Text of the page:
InSight: The Next NASA's Mars Lander

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InSight: NASA's Next Mars Mission to Investigate the Interior of the Red Planet

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You can browse all the pictures of this project in high resolution and much more by clicking here.

Philippe Labrot (LabrotPhi) and Valérie Roche (Whatsuptoday) are happy to present you their collaborative project: the Martian lander InSight.

On May 5, 2018, the launch window for InSight, NASA's next mission to Mars, will open. The InSight lander will lift off from Vandenberg Air Force Base in California, toward the Red Planet. It will be the first launch from the west coast of the USA of any interplanetary mission.

After a six months journey into deep space, on November 26 2018, InSight will land on the dusty and flat plains of Elysium, near the Martian equator, after an incredibly perilous and complex descent of 7 minutes through the Martian atmosphere. If everything goes well, the probe will then deploy two crucial instruments on the Martian ground: an ultra-sensitive seismometer (SEIS) protected by a wind and thermal shield, and a sophisticated heat flow probe (HP3) that will bury itself into the ground.

The goal of InSight is unique in the history of the exploration of the Red Planet. Until now, the target of almost all the missions launched toward Mars was the rocky surface. But InSight (Interior Exploration Using Seismic Investigations, Geodesy, and Heat Transport) have another, amazing goal: the interior of the planet itself, from its external crust to the inner metallic core.

In this project, we propose a fairly faithful replica of the InSight probe, at a scale compatible with Minifigs. The model gives the opportunity to discover the main characteristics of the spacecraft and its payload, and offers a lot of playability:

- The solar panels are tiltable and detachable, which allow to display the probe in flight configuration (solar panels folded) or in landed configuration (solar panels deployed).

- The three feet of the lander are tiltable between 45° and 60°.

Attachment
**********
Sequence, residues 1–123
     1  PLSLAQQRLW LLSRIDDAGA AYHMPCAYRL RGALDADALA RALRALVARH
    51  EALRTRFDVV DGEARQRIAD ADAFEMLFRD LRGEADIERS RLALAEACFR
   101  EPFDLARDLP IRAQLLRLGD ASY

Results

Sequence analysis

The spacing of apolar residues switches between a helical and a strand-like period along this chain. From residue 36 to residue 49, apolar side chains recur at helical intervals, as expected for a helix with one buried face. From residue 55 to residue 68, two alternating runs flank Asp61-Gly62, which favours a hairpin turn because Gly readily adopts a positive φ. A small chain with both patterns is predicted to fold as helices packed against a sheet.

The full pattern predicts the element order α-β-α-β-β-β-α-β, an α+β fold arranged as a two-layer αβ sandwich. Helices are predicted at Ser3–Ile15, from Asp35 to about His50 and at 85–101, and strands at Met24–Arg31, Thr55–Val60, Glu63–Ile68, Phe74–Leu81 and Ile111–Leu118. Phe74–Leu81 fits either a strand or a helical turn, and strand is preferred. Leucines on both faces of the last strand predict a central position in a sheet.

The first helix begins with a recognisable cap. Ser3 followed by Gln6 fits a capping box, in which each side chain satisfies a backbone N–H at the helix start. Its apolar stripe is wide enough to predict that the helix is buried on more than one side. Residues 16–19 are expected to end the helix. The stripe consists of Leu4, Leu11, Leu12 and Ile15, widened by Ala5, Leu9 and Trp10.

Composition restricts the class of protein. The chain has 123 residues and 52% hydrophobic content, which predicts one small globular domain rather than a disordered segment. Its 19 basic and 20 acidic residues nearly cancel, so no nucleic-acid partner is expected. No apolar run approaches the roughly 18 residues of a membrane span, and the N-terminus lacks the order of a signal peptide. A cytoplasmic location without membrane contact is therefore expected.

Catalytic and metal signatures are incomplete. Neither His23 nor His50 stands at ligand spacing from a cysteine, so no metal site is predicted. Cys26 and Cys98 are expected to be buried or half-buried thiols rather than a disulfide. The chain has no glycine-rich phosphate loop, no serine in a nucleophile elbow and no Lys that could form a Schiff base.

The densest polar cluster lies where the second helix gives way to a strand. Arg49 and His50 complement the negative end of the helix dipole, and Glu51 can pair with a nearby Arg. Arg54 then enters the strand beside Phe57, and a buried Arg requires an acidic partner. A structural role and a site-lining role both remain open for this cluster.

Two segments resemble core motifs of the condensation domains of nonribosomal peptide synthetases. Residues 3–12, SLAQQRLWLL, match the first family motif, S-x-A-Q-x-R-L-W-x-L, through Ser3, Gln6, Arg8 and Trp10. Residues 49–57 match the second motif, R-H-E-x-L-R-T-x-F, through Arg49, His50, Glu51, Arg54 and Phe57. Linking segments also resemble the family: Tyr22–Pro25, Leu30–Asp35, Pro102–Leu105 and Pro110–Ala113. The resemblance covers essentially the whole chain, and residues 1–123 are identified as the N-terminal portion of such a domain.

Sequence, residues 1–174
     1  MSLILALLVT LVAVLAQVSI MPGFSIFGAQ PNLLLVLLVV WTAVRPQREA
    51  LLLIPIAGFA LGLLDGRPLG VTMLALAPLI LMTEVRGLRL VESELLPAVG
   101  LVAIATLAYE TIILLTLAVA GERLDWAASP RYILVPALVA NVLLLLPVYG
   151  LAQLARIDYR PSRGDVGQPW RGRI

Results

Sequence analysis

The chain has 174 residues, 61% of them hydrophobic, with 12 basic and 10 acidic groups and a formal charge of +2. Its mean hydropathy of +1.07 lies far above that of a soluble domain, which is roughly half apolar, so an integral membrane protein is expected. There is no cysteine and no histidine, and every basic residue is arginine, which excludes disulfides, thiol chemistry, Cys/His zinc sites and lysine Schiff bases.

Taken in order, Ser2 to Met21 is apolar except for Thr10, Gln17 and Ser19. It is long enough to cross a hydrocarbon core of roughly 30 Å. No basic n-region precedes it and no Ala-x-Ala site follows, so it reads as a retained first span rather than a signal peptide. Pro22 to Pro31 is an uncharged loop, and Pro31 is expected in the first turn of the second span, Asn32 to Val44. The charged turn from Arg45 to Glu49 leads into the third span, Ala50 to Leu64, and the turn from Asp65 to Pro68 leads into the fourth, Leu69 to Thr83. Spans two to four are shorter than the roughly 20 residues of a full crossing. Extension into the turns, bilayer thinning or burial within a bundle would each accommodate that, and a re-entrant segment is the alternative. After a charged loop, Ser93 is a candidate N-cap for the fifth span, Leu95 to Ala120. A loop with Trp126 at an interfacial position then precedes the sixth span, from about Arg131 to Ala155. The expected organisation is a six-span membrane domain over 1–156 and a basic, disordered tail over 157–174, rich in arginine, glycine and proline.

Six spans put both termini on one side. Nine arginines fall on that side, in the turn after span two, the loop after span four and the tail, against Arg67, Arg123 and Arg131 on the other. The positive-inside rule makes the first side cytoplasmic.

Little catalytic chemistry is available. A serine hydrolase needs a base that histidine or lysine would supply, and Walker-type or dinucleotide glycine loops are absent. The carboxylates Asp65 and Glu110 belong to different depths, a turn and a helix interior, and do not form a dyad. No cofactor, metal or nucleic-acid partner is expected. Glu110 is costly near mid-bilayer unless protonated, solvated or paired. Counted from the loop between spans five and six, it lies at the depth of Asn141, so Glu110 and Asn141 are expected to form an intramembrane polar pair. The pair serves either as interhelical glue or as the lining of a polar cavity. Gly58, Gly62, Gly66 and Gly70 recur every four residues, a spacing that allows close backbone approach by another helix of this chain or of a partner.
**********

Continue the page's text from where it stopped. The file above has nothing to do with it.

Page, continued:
- The lower part of the lander shows the multiple antennas of the descent radar (which is used during the landing phase) as well as 3 clusters of 4 retro-rockets.

- The robotic arm (IDA) rotates at 360° around his base, and has two joints. Like the real one, the arm holds a technical camera (IDC), a grapple and a small scoop. The main role of the arm is to deploy the SEIS seismometer (and its thermal and wind shield, the WTS) on the ground, and then release the HP3 heat flow sensor (not too close to the seismometer!). In this replica, the grapple can rotate to maintain its load vertically while the arm is moving.

- The IDA arm can be stored completely on the deck (flight configuration).

- The spacecraft deck offers the space to store the SEIS seismometer or the HP3 thermal sensor, in addition to the WTS shield, during the launch and the cruise phase. The WTS takes place above a micro-barometer (an ultra-sensitive atmospheric pressure sensor) that belongs to the weather station.

- On the ground, the WTS completely covers the SEIS seismometer.

- The SEIS seismometer is connected to the lander by a flexible and removable tether 20 studs long. A second cable is used for the HP3 heat flow probe.

- The mole of HP3 is detachable. A sharp version of the mole is even provided, for more realism.

- Apart the two main instruments of the InSight mission (SEIS and HP3), the lander deck also houses two meteorological masts (TWINS) of the APSS weather station, two medium gain cone-shaped antennas of the RISE geodesy experiment, and the UHF antenna used for radio communication with satellites in Martian orbit (such as the NASA Mars Reconnaissance Orbiter).

- A special tiltable tile, engraved with the official logo of the Mission, is used as the calibration target for the IDC camera of the robotic arm.

The current version of the InSight probe has the following dimensions:

- Length: 31 studs; 24.8 cm; 9.76 inch.
- Width: 13 studs; 10.4 cm; 4.09 inch.
- Height: 11 studs; 8.8 cm; 3.46 inch.

In addition to the InSight lander described above, we have added a few accessories (146 additional bricks) that can be used to depict some parts of the ATLO phase (Assembly, Test, and Launch Operations) in clean room environment. Martian probes are often sketched on the surface of Mars, but the terrestrial places where they are assembled and tested are just as fascinating! The accessories include:

- 3 Minifigures in clean room suit.
- 1 rack with 5 tools.
- 1 console equipped with a workstation.
- 1 lifting platform with adjustable height (three positions).
- 1 crane with directional rear wheels.

Finally, the InSight probe comes with a nice display (108 bricks), which reproduces the rusty and flat ground of the zone chosen for the landing on Mars (Elysium Planitia).

The InSight mission is part of the NASA’s Discovery program and has been placed under the responsibility of the Jet Propulsion Laboratory (JPL). The lander is designed and built by Lockheed Martin. Most of the scientific instruments (the payload) are provided by Europeans partners and financed by European national agencies, such as CNES (France) and DLR (Germany).

None of the multiple institutions involved in the InSight mission are associated with this project, that is presented here as a purely individual initiative. However, one of the two contributors (Philippe Labrot) works for the Institute of Earth Physics in Paris (IPGP), a French laboratory that provides the Very Broad Band seismic pendulums (VBB), which are at the heart of the InSight SEIS experimentation.

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